Pennsylvania’s House Majority Leader would like the legislature to privatize liquor stores by Memorial Day. Mike Turzai says private stores would offer better prices and service, and there’s little question but that the selection of wines available would improve as well. Whether his ambitious liberalization of the state’s laws will happen…well, here’s what the head of the union representing those who work in state stores has to say: “Doubtful.” So it’s going to come down to what so much alcohol regulation comes down to: preservation of known inefficiency for the sake of a small, well-organized interest group.
Maryland is backing toward allowing restaurant patrons to bring their own wine to dinner. By “backing toward” I mean that the Baltimore City Council — which has no authority over the matter — is working on a “Request For State Legislation” that advocates allowing corkage. That request then goes to the state legislature, which may or may not pay any attention. While most stupid alcohol regulation is stupid for a reason — for example, when regulation results in increased prices, anti-drinking adovcates celebrate because they believe high prices discourage drinking — anti-corkage laws are stupid for no reason whatsoever. In theory, I guess, they might protect restaurants, except that restaurants that allow corkage make what amounts to an infinite profit margin on brought-in wines.
Finally, the federal Tax and Trade Bureau is once again considering requiring nutritional labeling on alcoholic beverages. Predictably, some are fer it, and some agin it. The Wine Institute thinks labeling requirements should be voluntary — which would mean that they weren’t requirements at all. The Beer Institute is all for labels that quantify calories, carbs, protein, and fat, but perversely doesn’t want the labels to specify a standard serving size. That begs the question of how they’re going to say that a quantity of beer contains a certain number of calories if they’re not required to specify an amount of beer. Maybe it’s some kind of guessing game: we’ll tell you a number of calories and you guess how much beer that is.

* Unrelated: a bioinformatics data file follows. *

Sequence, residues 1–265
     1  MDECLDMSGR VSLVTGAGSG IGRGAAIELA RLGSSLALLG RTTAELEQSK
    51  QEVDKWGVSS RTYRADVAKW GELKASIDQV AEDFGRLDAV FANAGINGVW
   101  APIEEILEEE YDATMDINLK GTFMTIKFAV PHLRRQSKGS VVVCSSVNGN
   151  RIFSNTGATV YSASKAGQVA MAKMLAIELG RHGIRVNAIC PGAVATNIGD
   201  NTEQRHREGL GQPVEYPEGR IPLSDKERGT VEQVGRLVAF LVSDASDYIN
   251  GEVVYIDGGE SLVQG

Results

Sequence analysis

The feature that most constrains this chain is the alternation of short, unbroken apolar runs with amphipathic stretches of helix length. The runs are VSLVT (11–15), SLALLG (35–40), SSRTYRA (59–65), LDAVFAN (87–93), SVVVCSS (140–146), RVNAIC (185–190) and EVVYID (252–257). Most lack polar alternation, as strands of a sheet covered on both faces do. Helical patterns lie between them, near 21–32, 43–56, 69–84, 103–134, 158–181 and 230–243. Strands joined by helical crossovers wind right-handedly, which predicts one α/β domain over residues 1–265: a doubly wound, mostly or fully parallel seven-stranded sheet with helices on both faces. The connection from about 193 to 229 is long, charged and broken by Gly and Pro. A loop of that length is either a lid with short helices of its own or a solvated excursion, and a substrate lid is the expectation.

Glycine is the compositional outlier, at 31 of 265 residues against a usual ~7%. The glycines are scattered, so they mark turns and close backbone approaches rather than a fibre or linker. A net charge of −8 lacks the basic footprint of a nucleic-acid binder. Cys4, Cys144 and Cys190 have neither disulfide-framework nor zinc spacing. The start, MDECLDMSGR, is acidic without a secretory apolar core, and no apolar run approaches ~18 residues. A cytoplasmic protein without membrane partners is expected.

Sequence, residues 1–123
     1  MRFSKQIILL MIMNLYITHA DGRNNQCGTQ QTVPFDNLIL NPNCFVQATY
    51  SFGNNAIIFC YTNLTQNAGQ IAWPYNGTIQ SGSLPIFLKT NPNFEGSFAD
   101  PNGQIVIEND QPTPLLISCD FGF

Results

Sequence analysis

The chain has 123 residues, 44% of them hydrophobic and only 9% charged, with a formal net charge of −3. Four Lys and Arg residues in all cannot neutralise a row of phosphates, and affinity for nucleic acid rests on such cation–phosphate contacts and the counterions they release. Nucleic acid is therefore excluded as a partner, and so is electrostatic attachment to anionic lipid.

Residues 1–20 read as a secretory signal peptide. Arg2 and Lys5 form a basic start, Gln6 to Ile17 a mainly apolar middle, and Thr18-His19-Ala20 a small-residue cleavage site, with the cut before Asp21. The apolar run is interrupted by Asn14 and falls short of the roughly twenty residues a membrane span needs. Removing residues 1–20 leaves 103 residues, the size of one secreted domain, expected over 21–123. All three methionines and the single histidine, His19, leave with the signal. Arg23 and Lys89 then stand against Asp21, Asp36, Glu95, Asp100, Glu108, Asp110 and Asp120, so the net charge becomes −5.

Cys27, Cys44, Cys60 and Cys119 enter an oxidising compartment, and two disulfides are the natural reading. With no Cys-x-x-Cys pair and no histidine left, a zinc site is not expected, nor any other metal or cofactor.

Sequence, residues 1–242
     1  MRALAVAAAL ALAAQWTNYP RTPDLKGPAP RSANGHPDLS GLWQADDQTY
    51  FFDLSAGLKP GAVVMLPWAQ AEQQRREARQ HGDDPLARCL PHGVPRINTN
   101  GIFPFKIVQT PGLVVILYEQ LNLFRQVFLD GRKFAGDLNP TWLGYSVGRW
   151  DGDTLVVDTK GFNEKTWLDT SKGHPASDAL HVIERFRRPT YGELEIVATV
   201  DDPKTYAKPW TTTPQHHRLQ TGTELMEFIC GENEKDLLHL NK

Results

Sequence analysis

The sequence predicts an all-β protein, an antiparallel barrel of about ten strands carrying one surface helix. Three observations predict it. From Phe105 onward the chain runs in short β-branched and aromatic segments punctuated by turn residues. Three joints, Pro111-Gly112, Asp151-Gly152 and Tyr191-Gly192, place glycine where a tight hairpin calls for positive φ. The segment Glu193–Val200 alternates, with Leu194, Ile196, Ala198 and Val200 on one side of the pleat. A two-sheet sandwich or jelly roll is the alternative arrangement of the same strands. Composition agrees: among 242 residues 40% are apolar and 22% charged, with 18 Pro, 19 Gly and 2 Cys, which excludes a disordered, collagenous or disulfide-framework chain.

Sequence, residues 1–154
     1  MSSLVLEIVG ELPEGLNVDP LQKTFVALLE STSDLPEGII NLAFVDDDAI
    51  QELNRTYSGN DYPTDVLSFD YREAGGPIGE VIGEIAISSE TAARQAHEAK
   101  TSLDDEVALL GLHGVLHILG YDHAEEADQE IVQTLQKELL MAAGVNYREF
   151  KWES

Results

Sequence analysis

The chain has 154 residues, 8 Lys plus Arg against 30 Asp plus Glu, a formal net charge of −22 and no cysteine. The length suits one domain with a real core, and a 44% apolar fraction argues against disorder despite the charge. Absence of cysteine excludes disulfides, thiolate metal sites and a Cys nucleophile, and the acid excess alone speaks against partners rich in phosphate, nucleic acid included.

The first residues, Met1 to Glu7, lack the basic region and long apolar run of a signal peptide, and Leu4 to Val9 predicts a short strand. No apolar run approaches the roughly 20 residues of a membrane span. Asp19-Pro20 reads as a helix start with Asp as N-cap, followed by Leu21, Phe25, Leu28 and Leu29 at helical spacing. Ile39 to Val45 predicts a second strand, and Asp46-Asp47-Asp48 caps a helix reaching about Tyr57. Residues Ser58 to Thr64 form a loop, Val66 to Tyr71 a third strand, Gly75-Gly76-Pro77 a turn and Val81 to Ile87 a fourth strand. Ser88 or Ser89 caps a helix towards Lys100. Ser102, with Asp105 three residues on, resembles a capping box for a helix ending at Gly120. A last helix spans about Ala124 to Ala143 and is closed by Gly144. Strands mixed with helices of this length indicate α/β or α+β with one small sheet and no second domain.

I predict that an unintended consequence of nutritional labeling would be product differentiation by the creation of vitamin-fortified versions of existing beverages. That would enable distillers, for example, to claim that one way to prevent osteoparosis is to drink more Popov Vodka, now with Vitamin D. Also, you can be absolutely certain that someone, somewhere, is going to market high-fiber Scotch. I don’t think any of us wants that.